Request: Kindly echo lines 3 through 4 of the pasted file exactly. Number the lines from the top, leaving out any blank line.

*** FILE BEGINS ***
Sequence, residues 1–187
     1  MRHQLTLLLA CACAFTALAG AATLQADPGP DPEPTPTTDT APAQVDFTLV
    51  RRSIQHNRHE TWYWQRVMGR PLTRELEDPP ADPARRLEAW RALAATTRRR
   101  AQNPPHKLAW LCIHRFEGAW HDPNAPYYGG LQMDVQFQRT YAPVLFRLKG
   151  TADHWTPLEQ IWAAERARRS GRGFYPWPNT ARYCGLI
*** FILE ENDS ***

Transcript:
    51  RRSIQHNRHE TWYWQRVMGR PLTRELEDPP ADPARRLEAW RALAATTRRR
   101  AQNPPHKLAW LCIHRFEGAW HDPNAPYYGG LQMDVQFQRT YAPVLFRLKG